Stabbing just a chapter in violent life
When her bleeding husband ran from their Hudson apartment Tuesday, Donna Thomas Harris barricaded herself inside by pushing a love seat against the front door.
After police kicked in the door and hauled Harris, 54, away in handcuffs past the bloody trail outside, they found two knives in the apartment – one on the loveseat that had been blocking the door, and the other embedded in the drywall above a bedroom door, according to search warrant documents.
From that day former Lenoir Police Capt. Sharon Poarch can draw a line back to the 1980s, when she remembers seeing Harris, who then was Donna Lingle, walking the streets of downtown Lenoir, a cold, blank stare gazing from her eyes blackened and bruised from beatings at the hands of her husband.
"It was so sad," said Poarch, now director of the Shelter Home of Caldwell County. "Sometimes people become desensitized to the violence and abuse around them. They almost accept it."
Since long before she was accused of killing her husband, Harris has known little but conflict and violence wherever she lived.
Her first husband, Garry June Lingle, was well known as a violent man. Among his arrests was a charge of first-degree murder in 1988, which eventually was dismissed, but from 1987 to 1999 he was convicted on seven counts of assaulting a female and one of violating the terms of a domestic violence protection order, and he was arrested many more times on other assault charges – most dismissed because Donna Lingle didn’t want to press charges.
That’s often the case in violent relationships, Poarch said. "They almost accept it.We work with people to say no, that's not how it is or should be. Violence doesn't have to be an acceptable way of life.
"It's frustrating to try and help victims and be there for them when they're afraid to ask out of a relationship they are in. (But) if that is your lifestyle, and you know nothing but abuse and violence, it's a hard decision to make."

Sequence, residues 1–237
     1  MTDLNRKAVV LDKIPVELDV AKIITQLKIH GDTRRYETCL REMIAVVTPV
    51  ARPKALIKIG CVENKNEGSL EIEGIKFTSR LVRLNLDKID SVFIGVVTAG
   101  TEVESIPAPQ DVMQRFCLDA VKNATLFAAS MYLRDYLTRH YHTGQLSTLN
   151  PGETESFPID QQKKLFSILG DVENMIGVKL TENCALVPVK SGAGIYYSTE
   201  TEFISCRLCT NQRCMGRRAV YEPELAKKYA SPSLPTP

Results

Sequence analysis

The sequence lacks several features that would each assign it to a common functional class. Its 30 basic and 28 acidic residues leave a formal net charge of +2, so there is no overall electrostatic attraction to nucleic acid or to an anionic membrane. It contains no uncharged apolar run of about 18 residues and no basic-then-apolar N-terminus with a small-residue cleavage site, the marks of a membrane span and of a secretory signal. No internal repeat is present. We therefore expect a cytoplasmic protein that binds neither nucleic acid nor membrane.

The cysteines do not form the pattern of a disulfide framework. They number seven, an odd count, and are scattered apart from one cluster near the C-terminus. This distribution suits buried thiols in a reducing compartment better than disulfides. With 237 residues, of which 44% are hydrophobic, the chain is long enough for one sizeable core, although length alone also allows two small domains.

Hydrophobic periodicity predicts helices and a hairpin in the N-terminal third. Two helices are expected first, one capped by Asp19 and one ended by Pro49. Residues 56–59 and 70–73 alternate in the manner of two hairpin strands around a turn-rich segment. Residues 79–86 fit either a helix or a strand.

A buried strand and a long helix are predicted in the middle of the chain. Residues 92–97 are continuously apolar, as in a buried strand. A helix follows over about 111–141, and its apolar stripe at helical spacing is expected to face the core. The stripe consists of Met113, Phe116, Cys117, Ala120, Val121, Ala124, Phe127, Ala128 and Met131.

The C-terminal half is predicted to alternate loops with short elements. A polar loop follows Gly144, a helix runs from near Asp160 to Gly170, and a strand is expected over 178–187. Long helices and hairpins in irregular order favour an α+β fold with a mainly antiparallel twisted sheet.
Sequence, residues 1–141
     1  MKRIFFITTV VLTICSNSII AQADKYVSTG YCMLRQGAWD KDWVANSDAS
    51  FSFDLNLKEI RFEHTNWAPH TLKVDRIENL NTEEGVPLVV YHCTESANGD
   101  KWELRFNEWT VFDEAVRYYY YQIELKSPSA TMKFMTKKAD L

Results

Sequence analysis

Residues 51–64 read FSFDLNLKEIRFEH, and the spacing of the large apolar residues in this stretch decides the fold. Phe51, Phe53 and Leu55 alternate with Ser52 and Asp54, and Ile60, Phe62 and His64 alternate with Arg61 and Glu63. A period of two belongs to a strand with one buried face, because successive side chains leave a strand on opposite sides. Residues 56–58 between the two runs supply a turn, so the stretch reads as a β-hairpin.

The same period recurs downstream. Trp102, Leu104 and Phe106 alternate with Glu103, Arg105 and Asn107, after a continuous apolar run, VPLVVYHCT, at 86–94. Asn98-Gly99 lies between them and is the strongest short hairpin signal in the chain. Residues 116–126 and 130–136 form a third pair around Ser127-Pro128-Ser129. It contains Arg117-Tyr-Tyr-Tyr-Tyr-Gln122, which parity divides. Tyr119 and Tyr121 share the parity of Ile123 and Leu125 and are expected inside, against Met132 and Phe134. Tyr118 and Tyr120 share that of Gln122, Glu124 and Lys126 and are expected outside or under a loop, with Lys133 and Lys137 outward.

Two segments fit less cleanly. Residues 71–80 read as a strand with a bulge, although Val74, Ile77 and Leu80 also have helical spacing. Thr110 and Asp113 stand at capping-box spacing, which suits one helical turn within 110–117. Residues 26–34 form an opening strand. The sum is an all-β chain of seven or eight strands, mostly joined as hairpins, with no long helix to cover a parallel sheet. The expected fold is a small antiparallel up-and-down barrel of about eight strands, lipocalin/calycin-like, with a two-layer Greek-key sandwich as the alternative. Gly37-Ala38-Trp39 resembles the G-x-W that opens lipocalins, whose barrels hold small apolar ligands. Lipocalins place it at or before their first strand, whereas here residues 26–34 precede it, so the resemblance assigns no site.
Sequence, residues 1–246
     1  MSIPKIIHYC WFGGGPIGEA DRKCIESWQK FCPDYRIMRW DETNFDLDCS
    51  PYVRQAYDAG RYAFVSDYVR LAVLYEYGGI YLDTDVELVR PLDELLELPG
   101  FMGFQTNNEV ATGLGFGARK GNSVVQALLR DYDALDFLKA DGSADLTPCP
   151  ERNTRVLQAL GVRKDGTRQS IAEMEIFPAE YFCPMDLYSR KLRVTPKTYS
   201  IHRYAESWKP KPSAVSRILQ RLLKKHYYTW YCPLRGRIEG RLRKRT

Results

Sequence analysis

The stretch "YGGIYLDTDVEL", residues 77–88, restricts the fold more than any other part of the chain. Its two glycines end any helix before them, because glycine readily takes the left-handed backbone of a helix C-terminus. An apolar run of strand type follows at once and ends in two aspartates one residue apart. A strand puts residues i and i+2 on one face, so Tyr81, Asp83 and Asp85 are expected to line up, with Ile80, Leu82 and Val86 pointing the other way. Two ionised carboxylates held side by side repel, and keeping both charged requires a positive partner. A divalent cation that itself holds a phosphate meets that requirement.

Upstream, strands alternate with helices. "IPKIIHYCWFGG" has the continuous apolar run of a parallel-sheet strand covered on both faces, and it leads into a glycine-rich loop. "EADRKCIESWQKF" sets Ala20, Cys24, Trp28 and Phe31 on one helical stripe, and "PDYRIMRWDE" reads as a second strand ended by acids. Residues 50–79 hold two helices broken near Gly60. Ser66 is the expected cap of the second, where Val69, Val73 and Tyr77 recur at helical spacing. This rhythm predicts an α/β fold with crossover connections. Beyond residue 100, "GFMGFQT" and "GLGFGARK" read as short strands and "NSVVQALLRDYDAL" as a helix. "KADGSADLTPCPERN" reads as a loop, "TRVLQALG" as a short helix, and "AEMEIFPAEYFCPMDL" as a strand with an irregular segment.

After Lingle came a volatile, mutually violent relationship with Gary Wayne Hollar of Lenoir, who also had a history of violence against women. Police said at the time that they had been called to Hollar’s house on Old Morganton Road 51 times from January 2000 to February 2003, when Harris shot and killed Hollar with a .22-caliber rifle. She maintained she and Hollar had been struggling for control of the rifle, and she accepted a deal in 2004 to plead guilty to voluntary manslaughter.
She was released from prison in 2010, and ever since she and William Daniel Harris, known as Danny, moved into their apartment off Kristen Lane last July, neighbors had been calling the police and complaining of the high-volume fights.
"I've called the cops at least a dozen times on them," said Tonya Teague, who lived next door and could hear the fights through the paper-thin walls, including the one Tuesday that ended in Danny Harris’ fatal stabbing.
"She reeked of alcohol," Teague said of Donna Harris.
Danny Harris, bleeding profusely from a chest wound, ran door to door, pounding on them and pleading for help.
"She stabbed me," he said.
Hudson Police Sgt. Scott Lovins arrived to find Danny Harris sitting in a lawn chair, at the end of a 75-feet-long trail of blood. Harris died at Caldwell Memorial Hospital, the latest of the state’s domestic-violence-related killings. Last year alone, there were 108 domestic violence-related homicides in the state, according to the N.C. Department of Justice.
Curious, Teague waited until the commotion died down to take a look around the crime scene next door to her. The calm serenity struck her.
"It's so peaceful and beautiful now," she said. "There's no more violence, drama and fighting. There's finally peace."